DELHI: Noida-Greater Noida, on the outskirts of Delhi, is one of the three real estate hotspots in the country along with Gurgaon and Navi Mumbai. Some 350,000 flats are being built here. Of these, about 50,000 will be delivered this year.
\These include studio apartments, 2-, 3- and 4-BHK homes, penthouses and villas. Most of them come with round-the-clock water and power supply, electronic surveillance and clubhouses. The upcoming Metro line from Delhi to Greater Noida, believed to be a result of some aggressive lobbying by real estate developers, promises to improve connectivity. Prices have risen in the range of 10-15 per cent in the last one year.
This market is unique builders need to pay only 10 per cent of the cost of the land if they acquire it from the Uttar Pradesh government, and the rest can be paid in quarterly installments over the next few years, albeit with interest. This provision was introduced by the state government in 2008 when the slowdown threatened to derail the economy. This opened the floodgates for builders to launch a string of projects. The business model was straightforward: launch a project, sell the flats, use a part of the money to buy land for another project, launch this one too, collect the money and move on to a third one.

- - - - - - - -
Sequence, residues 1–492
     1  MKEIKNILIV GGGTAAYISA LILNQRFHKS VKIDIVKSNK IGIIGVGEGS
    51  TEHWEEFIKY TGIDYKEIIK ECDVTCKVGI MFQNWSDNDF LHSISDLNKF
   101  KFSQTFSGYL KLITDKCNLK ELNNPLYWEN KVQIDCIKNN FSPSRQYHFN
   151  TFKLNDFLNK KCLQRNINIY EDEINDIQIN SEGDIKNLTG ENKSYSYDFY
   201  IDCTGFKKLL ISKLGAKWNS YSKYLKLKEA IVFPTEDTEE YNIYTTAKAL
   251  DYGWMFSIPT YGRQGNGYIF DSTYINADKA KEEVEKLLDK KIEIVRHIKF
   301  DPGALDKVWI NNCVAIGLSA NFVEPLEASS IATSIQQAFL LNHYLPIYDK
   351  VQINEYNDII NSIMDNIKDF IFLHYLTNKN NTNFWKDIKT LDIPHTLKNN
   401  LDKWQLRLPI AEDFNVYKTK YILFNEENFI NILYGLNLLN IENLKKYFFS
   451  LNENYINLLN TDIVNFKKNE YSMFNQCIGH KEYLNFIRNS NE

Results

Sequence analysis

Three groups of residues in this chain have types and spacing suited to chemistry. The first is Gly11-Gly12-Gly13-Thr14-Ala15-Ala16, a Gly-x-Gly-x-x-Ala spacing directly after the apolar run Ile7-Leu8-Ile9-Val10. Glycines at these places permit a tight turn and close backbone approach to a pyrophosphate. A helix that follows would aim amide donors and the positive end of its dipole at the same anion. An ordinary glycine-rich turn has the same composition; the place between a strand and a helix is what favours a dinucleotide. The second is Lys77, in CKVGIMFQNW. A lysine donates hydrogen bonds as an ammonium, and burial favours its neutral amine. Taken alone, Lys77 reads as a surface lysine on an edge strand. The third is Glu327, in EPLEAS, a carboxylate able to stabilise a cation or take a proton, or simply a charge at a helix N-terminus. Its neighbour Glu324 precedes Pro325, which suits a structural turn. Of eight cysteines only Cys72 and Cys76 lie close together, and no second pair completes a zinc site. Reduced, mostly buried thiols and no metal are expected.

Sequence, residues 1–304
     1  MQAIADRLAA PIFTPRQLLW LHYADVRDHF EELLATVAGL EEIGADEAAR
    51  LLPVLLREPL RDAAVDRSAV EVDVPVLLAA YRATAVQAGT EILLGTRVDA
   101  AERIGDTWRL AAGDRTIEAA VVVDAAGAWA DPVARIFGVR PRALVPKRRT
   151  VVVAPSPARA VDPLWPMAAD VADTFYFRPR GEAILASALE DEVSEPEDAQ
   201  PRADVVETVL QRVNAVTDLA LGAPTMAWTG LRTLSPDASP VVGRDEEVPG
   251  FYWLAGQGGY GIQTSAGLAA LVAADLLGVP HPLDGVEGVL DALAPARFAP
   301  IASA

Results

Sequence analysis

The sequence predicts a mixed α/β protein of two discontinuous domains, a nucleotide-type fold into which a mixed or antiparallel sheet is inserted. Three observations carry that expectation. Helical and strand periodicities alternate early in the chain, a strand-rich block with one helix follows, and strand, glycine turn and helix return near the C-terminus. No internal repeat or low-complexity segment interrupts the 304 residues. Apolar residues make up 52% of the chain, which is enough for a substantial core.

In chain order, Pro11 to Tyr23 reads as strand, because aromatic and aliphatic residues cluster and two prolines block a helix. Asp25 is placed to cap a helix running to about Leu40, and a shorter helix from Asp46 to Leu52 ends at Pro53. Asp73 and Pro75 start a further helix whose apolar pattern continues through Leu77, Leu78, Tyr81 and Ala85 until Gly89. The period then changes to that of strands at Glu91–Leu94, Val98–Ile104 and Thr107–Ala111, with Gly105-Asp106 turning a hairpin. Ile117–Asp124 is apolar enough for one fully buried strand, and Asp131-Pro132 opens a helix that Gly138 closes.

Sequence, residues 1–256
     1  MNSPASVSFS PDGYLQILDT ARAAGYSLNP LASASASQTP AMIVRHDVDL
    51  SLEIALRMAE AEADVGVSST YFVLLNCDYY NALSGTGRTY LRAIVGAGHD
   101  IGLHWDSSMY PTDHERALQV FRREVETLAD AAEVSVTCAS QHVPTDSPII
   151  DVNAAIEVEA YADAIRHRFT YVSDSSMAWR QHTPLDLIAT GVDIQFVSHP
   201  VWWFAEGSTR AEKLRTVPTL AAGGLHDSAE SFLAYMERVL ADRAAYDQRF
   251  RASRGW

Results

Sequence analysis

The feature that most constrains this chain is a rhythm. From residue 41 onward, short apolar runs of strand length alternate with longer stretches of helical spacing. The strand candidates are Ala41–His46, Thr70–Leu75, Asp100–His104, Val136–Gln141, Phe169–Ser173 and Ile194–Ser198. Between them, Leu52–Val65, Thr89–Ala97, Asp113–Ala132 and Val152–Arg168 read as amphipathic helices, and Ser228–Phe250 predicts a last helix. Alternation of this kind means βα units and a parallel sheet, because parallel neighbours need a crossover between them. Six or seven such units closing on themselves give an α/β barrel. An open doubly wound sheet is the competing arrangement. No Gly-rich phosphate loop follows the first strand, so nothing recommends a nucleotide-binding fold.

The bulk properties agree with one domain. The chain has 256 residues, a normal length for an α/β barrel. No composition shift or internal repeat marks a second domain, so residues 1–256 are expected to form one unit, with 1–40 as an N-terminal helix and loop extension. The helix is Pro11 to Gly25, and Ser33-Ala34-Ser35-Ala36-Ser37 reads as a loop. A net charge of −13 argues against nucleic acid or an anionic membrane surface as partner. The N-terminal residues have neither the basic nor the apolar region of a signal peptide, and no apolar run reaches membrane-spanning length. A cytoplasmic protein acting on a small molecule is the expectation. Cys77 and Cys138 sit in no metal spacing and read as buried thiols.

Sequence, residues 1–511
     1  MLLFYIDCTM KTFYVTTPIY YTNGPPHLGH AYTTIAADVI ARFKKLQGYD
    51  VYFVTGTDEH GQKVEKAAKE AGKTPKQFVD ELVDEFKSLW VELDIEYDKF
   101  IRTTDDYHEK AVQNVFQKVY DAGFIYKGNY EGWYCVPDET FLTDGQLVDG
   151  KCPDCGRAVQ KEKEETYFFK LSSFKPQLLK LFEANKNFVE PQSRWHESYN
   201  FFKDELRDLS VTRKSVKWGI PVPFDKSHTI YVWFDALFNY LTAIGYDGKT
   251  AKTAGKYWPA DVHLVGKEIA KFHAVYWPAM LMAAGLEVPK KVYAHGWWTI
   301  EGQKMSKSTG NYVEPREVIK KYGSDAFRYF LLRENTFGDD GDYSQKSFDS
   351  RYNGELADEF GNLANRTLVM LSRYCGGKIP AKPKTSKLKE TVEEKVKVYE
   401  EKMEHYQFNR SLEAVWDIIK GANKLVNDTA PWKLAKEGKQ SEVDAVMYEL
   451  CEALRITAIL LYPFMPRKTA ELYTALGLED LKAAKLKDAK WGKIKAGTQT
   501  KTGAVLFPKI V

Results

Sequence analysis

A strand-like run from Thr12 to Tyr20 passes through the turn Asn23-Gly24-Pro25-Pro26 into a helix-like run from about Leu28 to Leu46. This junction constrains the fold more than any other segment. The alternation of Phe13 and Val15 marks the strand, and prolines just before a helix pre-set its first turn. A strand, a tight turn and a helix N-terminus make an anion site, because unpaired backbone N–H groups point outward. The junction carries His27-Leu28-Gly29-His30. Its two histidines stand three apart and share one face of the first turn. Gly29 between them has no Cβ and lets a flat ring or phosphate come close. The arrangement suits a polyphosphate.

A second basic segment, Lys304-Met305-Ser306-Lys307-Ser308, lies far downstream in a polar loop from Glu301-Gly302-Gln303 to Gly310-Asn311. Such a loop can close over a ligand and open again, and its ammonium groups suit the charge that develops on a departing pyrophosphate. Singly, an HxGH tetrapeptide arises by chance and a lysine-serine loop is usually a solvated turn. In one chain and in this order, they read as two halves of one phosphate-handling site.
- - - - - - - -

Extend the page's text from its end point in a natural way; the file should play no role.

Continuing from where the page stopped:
The party could end once the Real Estate (Regulation and Development) Bill, cleared recently by the cabinet, becomes law. The market for residential real estate is the hotbed for business malpractices. Thats because the demand is far ahead of the supply, and for most Indians a house remains the most important purchase of their lives. This has converted it into a sellers market with all the fraudulent accompaniments. The Bill proposes to put a lid on these unsavoury practices. Apart from other stringent provisions, it says a builder cannot launch a project without all clearances; and all builders will have to keep 70 per cent of the money collected from sale in an escrow account, so that the money is used for developing the project and is not diverted elsewhere. There will be stiff penalties on builders who violate these provisions.
This could curb the supply of flats in the days to come in Noida and Greater Noida. As the demand continues to be strong (almost 200,000 people migrate to Delhi and its suburbs every year from across the country, putting its housing infrastructure under strain), this could fuel a rise in prices. If builders are to be believed, these two clauses alone will lead to property prices going up by as much as 30 per cent. Builders active in Noida, Greater Noida and Yamuna Expressway go to the extent of saying that if this Bill becomes law the idea of affordable housing will collapse. Some bit of it could be exaggeration a clever ploy to clear their current inventories. According to PropEquity, a real estate consultancy, the unsold stock of flats with builders in Noida at the end of March 2013 was 26,084, down 13 per cent from a year ago. In Greater Noida, the unsold stock was 59,963 at the end of March 2013, up 11 per cent from a year ago. But builders are worried.